Transportation Risk Management Defined
The Federal Highway Administration defines risk management as “a process of analytical and management activities that focus on identifying and responding to the inherent uncertainties of managing a complex organization and its assets.” Because there are so many uncertainties and those unknowns change frequently, this process hasn’t always been easy to define, making the U.S. transportation industry among the most risk prone of all industries.
In order to mitigate as much risk as possible, transportation companies strive to execute strong enterprise risk management strategies. These strategies aim to put the company in a better position to effectively respond to risks in real-time before risks cause harm.
Every company faces risk. For transportation companies, the risks typically reside in three areas: fleet integrity and safety, driver safety and retention, and compliance. The first two areas, in particular, are subject to external influences, particularly weather events, natural disasters, traffic and road conditions.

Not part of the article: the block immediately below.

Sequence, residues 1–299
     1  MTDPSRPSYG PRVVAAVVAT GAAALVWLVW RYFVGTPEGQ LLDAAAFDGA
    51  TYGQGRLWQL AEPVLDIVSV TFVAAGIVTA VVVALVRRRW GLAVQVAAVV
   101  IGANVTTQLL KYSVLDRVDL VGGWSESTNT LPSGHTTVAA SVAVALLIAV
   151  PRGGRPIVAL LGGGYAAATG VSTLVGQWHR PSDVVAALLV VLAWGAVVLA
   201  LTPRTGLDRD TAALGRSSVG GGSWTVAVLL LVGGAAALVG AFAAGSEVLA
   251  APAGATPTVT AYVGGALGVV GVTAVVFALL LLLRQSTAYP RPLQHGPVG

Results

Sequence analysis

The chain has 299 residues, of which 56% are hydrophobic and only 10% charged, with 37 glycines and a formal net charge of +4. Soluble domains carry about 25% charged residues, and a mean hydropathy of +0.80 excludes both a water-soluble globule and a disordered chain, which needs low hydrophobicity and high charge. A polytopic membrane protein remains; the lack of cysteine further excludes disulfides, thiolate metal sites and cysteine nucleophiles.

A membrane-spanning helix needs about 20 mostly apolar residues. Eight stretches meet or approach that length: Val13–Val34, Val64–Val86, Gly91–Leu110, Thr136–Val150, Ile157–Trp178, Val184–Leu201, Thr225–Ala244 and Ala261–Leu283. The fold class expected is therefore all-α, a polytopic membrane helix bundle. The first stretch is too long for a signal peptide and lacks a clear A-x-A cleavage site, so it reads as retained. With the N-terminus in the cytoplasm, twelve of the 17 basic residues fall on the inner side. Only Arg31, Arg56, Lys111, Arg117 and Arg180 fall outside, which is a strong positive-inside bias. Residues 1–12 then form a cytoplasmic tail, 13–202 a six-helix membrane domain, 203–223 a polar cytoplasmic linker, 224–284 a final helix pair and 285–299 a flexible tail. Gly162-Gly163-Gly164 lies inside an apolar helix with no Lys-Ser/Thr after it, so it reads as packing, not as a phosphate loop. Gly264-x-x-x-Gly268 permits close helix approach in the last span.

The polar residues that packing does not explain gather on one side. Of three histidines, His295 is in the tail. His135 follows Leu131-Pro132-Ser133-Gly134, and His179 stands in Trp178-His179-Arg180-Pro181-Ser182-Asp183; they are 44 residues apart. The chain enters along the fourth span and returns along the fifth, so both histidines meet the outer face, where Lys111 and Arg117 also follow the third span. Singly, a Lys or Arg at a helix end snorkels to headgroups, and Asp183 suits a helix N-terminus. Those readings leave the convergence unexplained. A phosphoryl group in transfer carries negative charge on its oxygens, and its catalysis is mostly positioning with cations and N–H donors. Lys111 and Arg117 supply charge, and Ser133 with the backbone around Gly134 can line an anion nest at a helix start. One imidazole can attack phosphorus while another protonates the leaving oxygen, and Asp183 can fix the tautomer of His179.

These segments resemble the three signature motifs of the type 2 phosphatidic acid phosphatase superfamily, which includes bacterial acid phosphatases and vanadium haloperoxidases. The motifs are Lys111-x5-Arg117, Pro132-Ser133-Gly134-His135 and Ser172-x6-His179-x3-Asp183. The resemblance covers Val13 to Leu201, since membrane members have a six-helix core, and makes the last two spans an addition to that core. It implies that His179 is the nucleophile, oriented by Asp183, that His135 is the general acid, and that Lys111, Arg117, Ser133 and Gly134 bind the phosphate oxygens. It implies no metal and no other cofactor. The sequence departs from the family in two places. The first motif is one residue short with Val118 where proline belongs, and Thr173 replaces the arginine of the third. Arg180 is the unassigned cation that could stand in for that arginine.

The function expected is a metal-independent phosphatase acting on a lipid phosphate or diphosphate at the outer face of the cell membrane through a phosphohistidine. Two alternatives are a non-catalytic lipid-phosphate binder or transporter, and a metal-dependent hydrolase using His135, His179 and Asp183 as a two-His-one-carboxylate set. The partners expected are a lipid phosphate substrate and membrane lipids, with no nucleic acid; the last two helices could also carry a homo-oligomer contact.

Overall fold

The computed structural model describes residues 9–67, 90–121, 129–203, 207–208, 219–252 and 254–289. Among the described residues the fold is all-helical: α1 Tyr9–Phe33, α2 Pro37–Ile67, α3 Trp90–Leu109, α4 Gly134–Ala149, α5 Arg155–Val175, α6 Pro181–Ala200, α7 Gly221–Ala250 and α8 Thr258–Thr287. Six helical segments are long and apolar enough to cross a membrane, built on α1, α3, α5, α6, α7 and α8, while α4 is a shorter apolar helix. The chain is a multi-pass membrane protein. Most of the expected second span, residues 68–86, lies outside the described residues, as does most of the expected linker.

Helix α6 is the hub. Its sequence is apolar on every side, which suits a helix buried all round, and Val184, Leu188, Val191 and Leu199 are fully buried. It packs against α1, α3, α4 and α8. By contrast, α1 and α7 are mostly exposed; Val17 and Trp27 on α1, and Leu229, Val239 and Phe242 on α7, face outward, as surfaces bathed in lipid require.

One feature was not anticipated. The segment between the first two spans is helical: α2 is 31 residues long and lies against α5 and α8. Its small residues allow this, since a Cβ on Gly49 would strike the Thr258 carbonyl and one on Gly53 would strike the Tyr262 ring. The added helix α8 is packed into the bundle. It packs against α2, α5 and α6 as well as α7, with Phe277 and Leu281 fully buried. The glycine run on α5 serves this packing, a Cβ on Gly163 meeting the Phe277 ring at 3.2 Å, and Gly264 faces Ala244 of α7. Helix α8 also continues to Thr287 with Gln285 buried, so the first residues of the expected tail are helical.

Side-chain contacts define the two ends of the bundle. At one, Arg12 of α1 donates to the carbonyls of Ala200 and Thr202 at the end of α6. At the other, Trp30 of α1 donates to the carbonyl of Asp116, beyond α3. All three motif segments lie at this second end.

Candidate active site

The entire supply chain is dependent on the carrier being able to deliver freight on time and in good condition as each stakeholder depends on receiving and/or shipping parts or products. If the driver has an accident, is stuck in traffic or loses cargo, for instance, or the company has financial issues that limit resources, disruptions to shipments can spell disaster.
Weather and traffic are risk factors we are all familiar with, but more have entered the picture in the past decade or so. According to Risk & Insurance, among the modern risks the transportation industry must manage are advancing technology, cyber exposure and market fluctuations created by international trade disputes. That’s not to say the traditional risks aren’t still present. In fact, some of the common offenders are progressively declining. Risk & Insurance says “a worsening driver shortage, regulatory compliance and the sad state of America’s infrastructure also present persistent challenges.”